Large organisations do still matter. This does not give them the right to permanence; excuse them from the vital changes they must undergo, nor let them off the conversation around their long term viability. But, for now, here are 11 reasons why they still count.
1. They’re monuments to human endeavour. They're an accumulation of wisdom and effort that can stretch back generations. Anything that has been around a long time or had significant influence teaches us something about who we are.
2. Failure can be catastrophic, especially when there is no adequate alternative. The fall of a corporate or public giant is costly not just for those directly involved but communities as a whole. Imagine the cost if the NHS collapsed today.
3. They are communities in themselves. Large organisations are complex human networks, where, due to the lack of local community, people can find the community they instinctively seek.
4. They have the resources to nurture people in a way that fast-moving start-ups and small business struggle to do, from benefits in the short term to pension support in the long term.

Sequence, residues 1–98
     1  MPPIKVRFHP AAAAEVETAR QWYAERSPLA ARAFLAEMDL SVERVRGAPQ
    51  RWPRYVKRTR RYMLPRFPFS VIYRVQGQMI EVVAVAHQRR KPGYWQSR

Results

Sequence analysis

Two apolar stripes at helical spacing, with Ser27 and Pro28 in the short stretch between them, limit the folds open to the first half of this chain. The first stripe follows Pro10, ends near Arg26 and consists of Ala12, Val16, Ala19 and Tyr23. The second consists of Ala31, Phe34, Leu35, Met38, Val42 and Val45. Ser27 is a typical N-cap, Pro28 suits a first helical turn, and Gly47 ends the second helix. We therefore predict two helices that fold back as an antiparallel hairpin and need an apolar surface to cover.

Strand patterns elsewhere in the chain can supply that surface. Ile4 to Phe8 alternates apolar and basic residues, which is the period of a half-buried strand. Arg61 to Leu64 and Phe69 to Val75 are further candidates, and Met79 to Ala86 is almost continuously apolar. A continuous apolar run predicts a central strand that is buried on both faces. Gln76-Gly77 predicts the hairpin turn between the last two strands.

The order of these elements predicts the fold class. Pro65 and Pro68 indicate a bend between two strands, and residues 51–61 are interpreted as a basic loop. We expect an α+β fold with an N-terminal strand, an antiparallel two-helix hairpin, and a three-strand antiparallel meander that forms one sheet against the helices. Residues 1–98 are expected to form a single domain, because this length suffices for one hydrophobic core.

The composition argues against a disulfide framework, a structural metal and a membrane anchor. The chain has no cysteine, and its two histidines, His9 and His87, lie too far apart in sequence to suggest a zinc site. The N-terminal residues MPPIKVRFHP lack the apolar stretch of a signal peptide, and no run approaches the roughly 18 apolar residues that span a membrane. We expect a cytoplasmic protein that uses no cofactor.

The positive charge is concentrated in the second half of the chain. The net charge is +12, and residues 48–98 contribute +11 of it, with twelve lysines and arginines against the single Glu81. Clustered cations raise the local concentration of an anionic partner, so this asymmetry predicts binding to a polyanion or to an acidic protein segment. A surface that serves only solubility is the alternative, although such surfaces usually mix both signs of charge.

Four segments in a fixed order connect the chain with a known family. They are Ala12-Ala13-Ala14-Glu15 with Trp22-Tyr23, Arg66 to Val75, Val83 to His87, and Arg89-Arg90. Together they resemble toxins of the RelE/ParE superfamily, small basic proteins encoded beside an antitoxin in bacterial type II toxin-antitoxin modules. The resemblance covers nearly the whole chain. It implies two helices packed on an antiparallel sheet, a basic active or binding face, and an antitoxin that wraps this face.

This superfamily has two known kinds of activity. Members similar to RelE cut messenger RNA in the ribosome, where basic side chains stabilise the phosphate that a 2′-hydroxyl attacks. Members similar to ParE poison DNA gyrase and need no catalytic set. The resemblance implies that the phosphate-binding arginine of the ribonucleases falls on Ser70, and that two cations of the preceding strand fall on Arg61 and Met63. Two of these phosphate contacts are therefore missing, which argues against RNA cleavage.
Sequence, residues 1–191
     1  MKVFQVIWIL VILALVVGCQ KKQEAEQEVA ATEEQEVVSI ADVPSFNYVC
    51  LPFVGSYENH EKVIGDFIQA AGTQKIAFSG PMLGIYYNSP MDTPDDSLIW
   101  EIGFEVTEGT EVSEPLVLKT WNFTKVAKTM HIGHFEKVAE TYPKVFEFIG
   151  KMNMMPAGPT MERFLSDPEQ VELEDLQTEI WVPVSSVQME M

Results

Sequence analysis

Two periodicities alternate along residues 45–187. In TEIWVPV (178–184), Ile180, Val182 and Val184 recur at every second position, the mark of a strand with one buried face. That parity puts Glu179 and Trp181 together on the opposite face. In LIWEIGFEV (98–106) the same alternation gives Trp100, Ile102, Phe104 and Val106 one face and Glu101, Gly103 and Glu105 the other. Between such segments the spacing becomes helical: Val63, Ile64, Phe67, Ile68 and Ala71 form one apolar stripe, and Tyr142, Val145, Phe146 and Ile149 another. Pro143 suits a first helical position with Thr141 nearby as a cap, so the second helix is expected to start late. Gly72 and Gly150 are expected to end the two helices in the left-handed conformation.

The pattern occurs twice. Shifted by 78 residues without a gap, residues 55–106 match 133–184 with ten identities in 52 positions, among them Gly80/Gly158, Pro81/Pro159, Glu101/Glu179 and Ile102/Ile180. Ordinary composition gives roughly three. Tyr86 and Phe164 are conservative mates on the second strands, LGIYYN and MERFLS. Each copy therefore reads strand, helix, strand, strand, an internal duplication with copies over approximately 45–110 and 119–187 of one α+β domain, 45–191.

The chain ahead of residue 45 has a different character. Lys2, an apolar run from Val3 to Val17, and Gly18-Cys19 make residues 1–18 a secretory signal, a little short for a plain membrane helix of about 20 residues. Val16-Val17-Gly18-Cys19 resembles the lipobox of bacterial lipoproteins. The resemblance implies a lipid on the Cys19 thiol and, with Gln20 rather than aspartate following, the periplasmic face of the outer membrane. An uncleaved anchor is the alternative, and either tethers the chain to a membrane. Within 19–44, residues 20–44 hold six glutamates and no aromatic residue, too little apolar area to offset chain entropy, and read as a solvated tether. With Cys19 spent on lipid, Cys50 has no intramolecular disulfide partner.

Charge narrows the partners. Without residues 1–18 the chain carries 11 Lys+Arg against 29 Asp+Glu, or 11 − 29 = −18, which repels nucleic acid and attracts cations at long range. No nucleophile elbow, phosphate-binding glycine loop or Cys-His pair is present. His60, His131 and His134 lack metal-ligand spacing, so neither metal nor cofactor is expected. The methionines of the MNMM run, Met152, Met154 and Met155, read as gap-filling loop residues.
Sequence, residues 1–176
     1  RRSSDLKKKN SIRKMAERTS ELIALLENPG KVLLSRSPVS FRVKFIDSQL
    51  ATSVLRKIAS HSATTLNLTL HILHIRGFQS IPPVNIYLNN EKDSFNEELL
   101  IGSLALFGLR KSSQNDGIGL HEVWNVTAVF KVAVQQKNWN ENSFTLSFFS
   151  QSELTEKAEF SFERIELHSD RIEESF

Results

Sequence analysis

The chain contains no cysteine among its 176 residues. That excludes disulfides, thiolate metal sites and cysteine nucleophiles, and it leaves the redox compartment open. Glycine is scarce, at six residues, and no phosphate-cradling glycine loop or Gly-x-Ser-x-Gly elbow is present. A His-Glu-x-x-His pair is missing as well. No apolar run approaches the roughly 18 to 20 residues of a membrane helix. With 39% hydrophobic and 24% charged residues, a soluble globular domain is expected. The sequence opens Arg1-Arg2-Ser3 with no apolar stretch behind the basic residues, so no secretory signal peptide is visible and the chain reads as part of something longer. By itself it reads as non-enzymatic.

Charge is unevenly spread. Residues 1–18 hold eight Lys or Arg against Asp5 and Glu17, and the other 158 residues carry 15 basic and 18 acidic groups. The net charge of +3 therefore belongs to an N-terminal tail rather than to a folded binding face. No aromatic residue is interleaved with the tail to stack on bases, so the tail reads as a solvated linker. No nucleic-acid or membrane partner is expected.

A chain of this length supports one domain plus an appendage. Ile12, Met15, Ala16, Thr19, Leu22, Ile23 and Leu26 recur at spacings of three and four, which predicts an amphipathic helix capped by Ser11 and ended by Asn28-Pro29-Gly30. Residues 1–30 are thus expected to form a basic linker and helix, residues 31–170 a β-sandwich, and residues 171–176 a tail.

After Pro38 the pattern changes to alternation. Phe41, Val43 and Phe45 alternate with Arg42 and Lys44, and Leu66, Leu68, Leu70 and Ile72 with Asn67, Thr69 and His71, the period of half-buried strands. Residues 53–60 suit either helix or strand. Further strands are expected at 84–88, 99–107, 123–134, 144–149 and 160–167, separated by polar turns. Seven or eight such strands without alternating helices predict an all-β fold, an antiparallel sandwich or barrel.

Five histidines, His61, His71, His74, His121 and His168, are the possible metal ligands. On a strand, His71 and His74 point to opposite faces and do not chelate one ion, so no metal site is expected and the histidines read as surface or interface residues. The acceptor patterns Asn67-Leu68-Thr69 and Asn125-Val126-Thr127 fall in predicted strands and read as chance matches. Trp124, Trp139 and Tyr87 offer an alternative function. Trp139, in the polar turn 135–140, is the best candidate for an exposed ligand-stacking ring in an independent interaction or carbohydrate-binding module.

5. They provide other businesses invaluable access to markets, resources, and talent while they grow, often at critical junctures; as with Microsoft’s early use of IBM.
6. The status and reach of large organisations can gather people in ways few can. Their convening power is a much-needed ingredient in terms of generating systemic change and holding the context for it to occur.
7. They can spawn entirely new sectors, or mass adoption of new technology, at a rapid pace; from as electric cars to smartphones.
8. If we consider them as living things, large organisations and institutions can function more like entire ecosystems than single organisms; supporting the life cycle of a host of others as employers, funders, educators and huge consumers of goods and services.
9. Large organisations can act as a form of social architecture, like scaffolding, or the banks of a river system. Their presence allows for some stability and options whilst others grow, test and develop something new.
10. They provide huge amounts of voluntary giving, both in terms of time and money; from sponsorship of the arts to new hospital wings. Their ability to give single large sums can move necessary projects and initiatives forward in a more rapid or controlled fashion.
11. They can provide stable employment.
With all these benefits at work, a worthy challenge is, therefore, to shift the nature of large organisations to embrace the more human and organic characteristics now required to thrive. Large organisations that can make this leap will make a uniquely invaluable contribution to the issues of the day.